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New GOP Report Highlights White House Connection to IRS Scandal

New GOP Report Highlights White House Connection to IRS Scandal

House GOP members determined to show that the actions of Barack Obama and his minions triggered the IRS targeting of politically conservative groups have released a 77-page report detailing the connections.

According to the report from the House Committee on Oversight and Government Reform, called “Pressure from the Left Led the IRS and DOJ to Restrict Freedom of Speech,” the effort to target conservative groups was catalyzed by Obama’s January 2010 State of the Union Address, in which he “delivered a stunning rebuke” of the Supreme Court decision in favor of the group Citizens United.

Obama played fast and loose with the truth at the time, saying, “The Supreme Court reversed a century of law that I believe will open the floodgates for special interests. I don’t think American elections should be bankrolled by America’s most powerful interests, or worse by foreign entities… And I’d urge Democrats and Republicans to pass a bill that helps to correct some of these problems.”

Supreme Court Justice Samuel Alito, seated in the chamber at the time, famously muttered, “Not true,” prompting even the New York Times to examine Obama’s remarks and declare them inaccurate. Linda Greenhouse, the Knight Distinguished Journalist in Residence, and Joseph M. Goldstein, Senior Fellow at Yale Law School, wrote for the Times:

Indeed, Mr. Obama’s description of the holding of the case was imprecise. He said the court had “reversed a century of law.” The law that Congress enacted in the populist days of the early 20th century prohibited direct corporate contributions to political campaigns. That law was not at issue in the Citizens United case, and is still on the books. Rather, the court struck down a more complicated statute that barred corporations and unions from spending money directly from their treasuries — as opposed to their political action committees — on television advertising to urge a vote for or against a federal candidate in the period immediately before the election.

The GOP report continues that Obama used his speeches as wielder of the “indisputably powerful” presidential bully pulpit to launch the effort to influence news outlets, thus encouraging the media to start the juggernaut rolling. The report also avers that Obama’s rhetoric also prompted IRS official Lois Learner to pursue Tea Party and other conservative groups that had attempted to secure tax-exempt status.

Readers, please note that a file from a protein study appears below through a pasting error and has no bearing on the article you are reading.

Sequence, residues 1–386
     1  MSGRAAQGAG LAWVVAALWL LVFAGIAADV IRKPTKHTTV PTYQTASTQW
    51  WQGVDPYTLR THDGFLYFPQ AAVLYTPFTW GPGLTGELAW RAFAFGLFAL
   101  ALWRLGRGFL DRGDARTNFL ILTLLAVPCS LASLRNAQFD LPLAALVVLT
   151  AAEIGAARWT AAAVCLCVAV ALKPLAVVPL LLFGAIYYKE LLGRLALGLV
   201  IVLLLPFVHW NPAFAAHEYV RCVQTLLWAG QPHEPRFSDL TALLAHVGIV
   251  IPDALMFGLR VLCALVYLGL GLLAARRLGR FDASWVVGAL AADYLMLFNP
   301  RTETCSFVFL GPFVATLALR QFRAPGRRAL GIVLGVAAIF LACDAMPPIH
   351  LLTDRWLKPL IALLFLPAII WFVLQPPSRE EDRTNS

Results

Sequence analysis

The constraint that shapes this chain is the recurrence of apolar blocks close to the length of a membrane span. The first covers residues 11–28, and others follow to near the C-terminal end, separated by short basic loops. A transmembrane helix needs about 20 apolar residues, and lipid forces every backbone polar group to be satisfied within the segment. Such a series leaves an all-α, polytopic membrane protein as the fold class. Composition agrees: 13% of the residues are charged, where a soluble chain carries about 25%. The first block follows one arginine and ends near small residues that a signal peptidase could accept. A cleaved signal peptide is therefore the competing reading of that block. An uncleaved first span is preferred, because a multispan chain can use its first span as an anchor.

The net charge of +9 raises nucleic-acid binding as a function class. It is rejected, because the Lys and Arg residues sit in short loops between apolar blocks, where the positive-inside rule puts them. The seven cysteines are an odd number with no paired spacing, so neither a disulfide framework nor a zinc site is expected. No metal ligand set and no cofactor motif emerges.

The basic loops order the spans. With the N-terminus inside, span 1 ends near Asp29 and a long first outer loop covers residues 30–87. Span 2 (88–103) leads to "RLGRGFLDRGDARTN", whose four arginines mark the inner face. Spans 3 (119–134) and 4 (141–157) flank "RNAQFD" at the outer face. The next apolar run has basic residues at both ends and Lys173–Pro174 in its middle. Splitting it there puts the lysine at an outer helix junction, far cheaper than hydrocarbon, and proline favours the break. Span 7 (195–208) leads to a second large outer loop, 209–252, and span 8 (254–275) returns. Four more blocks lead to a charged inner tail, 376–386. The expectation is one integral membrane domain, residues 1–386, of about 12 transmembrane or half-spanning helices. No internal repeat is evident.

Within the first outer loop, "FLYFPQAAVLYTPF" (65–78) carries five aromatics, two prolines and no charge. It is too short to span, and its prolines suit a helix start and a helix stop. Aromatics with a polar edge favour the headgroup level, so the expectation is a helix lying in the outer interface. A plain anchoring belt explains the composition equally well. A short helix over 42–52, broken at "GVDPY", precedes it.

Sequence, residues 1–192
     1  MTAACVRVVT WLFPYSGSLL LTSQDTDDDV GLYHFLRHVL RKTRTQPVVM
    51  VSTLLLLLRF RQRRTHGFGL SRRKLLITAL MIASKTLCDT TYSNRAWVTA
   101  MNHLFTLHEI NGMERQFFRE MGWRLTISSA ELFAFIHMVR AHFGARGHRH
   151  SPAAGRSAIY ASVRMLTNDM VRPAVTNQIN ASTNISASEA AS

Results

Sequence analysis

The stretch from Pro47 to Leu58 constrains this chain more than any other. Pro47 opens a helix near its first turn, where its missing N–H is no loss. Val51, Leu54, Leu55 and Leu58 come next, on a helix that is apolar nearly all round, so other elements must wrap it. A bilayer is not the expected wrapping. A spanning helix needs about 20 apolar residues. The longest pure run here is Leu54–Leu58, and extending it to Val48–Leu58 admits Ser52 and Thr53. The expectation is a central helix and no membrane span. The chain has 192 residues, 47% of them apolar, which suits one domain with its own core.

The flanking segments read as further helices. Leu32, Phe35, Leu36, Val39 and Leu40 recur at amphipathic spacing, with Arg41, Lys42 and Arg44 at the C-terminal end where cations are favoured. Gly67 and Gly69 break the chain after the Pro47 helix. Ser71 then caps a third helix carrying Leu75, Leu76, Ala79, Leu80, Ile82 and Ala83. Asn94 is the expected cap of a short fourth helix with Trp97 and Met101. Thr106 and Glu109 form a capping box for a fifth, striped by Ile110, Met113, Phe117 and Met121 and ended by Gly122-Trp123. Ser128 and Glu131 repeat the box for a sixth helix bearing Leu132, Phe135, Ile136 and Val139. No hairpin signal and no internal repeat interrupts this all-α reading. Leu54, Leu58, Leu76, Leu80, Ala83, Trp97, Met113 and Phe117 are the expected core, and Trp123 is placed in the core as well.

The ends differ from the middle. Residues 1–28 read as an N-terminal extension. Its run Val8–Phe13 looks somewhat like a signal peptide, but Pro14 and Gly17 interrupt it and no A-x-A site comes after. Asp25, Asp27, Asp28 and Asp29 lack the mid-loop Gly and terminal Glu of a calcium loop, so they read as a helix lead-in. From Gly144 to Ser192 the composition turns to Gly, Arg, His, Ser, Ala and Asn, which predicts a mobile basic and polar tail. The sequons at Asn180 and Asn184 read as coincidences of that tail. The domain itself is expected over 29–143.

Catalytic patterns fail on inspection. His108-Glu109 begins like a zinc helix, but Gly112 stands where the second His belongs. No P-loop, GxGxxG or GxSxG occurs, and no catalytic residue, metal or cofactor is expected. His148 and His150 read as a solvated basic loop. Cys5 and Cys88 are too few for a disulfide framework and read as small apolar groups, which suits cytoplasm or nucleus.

The report, supported by almost 100 news stories, remarks by Democratic legislators, and Lerner’s emails, states, “IRS employees read and acted upon the news reports. Put simply, as the president’s political rhetoric drove the national dialogue and shaped public opinion, the IRS received and responded to the political stimuli.” It also asserts that Obama continued to push his attack on conservative groups with a “rhetorical assault” in campaign-style speeches around the nation, and that less than a month after the SOTU, the IRS started pursuing the conservative groups’ tax-exempt status.

The report found 65 examples of Obama or congressional Democrats either sniping at the Supreme Court’s decision or arguing in favor of the Democrats’ failed Disclosure Act, which tried to change federal law and affect the Court’s decision by limiting campaign spending. Nancy Pelosi, who was the Speaker of the House in 2010, pontificated, “The decision undermines democracy and empowers the powerful. It opens the floodgates to a corporate takeover of our elections and invites unrestricted special interest dollars in our campaigns.”

By October 2010, the report states, the Justice Department had scheduled a meeting with the IRS to review how the Citizens United case would affect campaign-finance law. The very same month, Lerner spoke of the political pressure on the IRS to “fix the problem” that had been created by the Citizens United decision, saying that “everyone is up in arms” about the decision. She also intimated that the same people were pressuring the IRS to fix the problem before the 2012 presidential election.

The GOP is suspicious about the numerous e-mails from Lerner that have been declared missing; the IRS claims they vanished when Lerner’s computer crashed in 2011. The White House would not comment other than spokesman Josh Earnest calling the GOP’s suspicions “far-fetched.” He insisted that the Internal Revenue Service is making a good faith effort to find the emails.

But Sen. Orrin Hatch, R-Utah, the top Republican on the Senate Finance Committee, when asked whether he thought the White House would go so far as to delete the emails, said, “I do. I think you can’t put anything past this administration.”

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